A Ten Pound Bag
Chapter 87: The Good Ship Lollipop

Copyright© 2020 by Emmeran

The river docks were primitive, to say the least. They were basically split logs lashed together and held in place by a few wooden pylons. There were four docks in total, and they did the job. There were several boats tied up and it was obvious which one was mine. The rest were in the process of on-loading or off-loading cargo. My boat was tied up at the far dock and it just had a couple of guys sitting on it, fishing. I simply shook my head and climbed aboard. I knew better than to be surprised.

Of course, they spoke Creole. I recognized it because it still existed in the modern world. It was just a dying language. I didn’t understand a lick of Creole. I showed them my document from Leavenworth and it had Henry’s wax seal on it. They seemed to get the point and started jabbering at me immediately. There were four of them and it was a bit overwhelming. I put my hands up and asked loudly, “English?”

Well, they all looked at each other and finally the older guy held up his finger and thumb about an inch apart and resignedly admitted, “English.” I gave him a thumbs up. It was obvious what had happened here: the previous owner had disappeared after the Army seized his boat and these four crewmen were left behind. Time for some labor negotiations.

I patted the roof of the cargo house and pointed at my chest, “Mine.”

They all nodded. Well, that was established.

I pointed at them and then at the boat and asked, “Work?”

Well that was the wrong word so we started play charades. I pantomimed rowing and poling and pointed to them and the boat. They all nodded and the older guy said “Crew?”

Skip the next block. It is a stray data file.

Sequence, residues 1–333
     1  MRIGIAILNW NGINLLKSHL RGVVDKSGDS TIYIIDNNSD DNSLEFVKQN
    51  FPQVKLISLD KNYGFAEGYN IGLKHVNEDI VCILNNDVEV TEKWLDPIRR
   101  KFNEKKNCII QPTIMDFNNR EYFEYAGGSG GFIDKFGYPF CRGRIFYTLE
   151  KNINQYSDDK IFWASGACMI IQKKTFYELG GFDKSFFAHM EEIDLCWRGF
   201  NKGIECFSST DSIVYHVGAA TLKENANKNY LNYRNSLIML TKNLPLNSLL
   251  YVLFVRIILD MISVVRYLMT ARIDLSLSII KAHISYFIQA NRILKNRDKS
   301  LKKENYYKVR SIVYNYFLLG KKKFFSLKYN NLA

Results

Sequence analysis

“Yes,” I replied, while nodding my head vigorously.

He rubbed his stomach and said “Food.”

Well, that made sense; they hadn’t really eaten since they got here. I handed the leader two quarters, pointed up towards camp town and said, “Food.” Off the four went and I lit up a cigarette while I waited for their return. I took a short tour around my boat. It appeared in decent condition to my untrained eye. Frankly, I didn’t know crap about any of this so I decided to go look for help.

I visited every boat at every dock and got the same answer every time, “He’s at the Captains House.” So up the bluff I went back into Camp Town to find the ‘Captains House.’ From a distance, every building in Camp Town was basically the same - usually a crude log cabin set off a muddy foot path. City planning wasn’t any part of the reality in camp towns. Outside of the roads leading directly to the fort gate, mayhem seemed to be the design.

I eventually stumbled across a non-descript cabin with a crudely painted sign attached, announcing that this was the ‘Cap’n Hous.’ I decided to invite myself in for a beverage.

As expected, dark and dreary. I stood off to the side of the entrance and allowed my eyes to adjust for a couple of minutes until I could see clearly. There was a crude bar with a couple of planks resting on barrels up next to the hearth and two tables with benches in the rest of the room. Only one table had any occupants.

I walked to the bar and ordered beer and lunch, it cost me a startling two cents. The proprietor wasn’t the conversational sort, so I collected my cup of dubious beer and suspicious stew and joined the group at the table. I then intentionally ignored them and focused on my stew.

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